Although there have been many research articles about how to measure service quality, how service quality perceptions are formed, what effect service quality has on behavior, and service quality’s financial impact, there has been little discussion to date of the potential impact of service quality on competitive marketing decisions. This paper considers directly the issue of how an analysis of the impact of comparative service quality can inform tactical marketing decisions in a competitive marketplace. We propose and empirically demonstrate a simple theoretical framework of how market share changes result from changes in service quality, by the focal firm and/or by a competitor. In addition we show how price changes trade‐off against changes in service quality, and how comparative customer value is affected by changes in service quality and/or price. Our framework enables us to evaluate the projected market share shifts produced by proactive changes in service quality and/or price, and also enables us to evaluate the projected effectiveness of reactions to competitors’ changes in service quality and price. For example, our framework suggests that a quickly‐implemented increase in service quality (rather than a matching price cut) may sometimes be an effective tactical response to a competitor’s price cut. We illustrate the implementation of our framework on actual longitudinal industry data. We show how the market share impact of changes in service quality and/or price can be projected, and how this information can be used to drive competitive marketing decisions.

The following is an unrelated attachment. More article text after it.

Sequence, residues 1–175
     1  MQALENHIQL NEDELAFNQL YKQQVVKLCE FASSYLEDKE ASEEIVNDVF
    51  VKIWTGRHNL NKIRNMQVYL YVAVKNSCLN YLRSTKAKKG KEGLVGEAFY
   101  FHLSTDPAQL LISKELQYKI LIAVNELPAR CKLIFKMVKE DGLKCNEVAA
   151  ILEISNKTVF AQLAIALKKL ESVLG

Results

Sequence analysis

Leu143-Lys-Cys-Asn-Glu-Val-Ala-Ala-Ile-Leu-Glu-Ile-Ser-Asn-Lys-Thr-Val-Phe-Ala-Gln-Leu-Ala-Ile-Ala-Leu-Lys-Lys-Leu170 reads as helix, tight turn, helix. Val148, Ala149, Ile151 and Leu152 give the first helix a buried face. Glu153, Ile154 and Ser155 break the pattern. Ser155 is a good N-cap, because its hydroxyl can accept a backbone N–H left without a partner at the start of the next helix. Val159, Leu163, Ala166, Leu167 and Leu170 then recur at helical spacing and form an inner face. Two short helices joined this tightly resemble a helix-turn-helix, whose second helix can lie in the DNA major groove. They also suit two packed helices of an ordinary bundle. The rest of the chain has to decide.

Rust, R., Danaher, P. and Varki, S. (2000), "Using service quality data for competitive marketing decisions", International Journal of Service Industry Management, Vol. 11 No. 5, pp. 438-469. https://doi.org/10.1108/09564230010360173Download as .RIS
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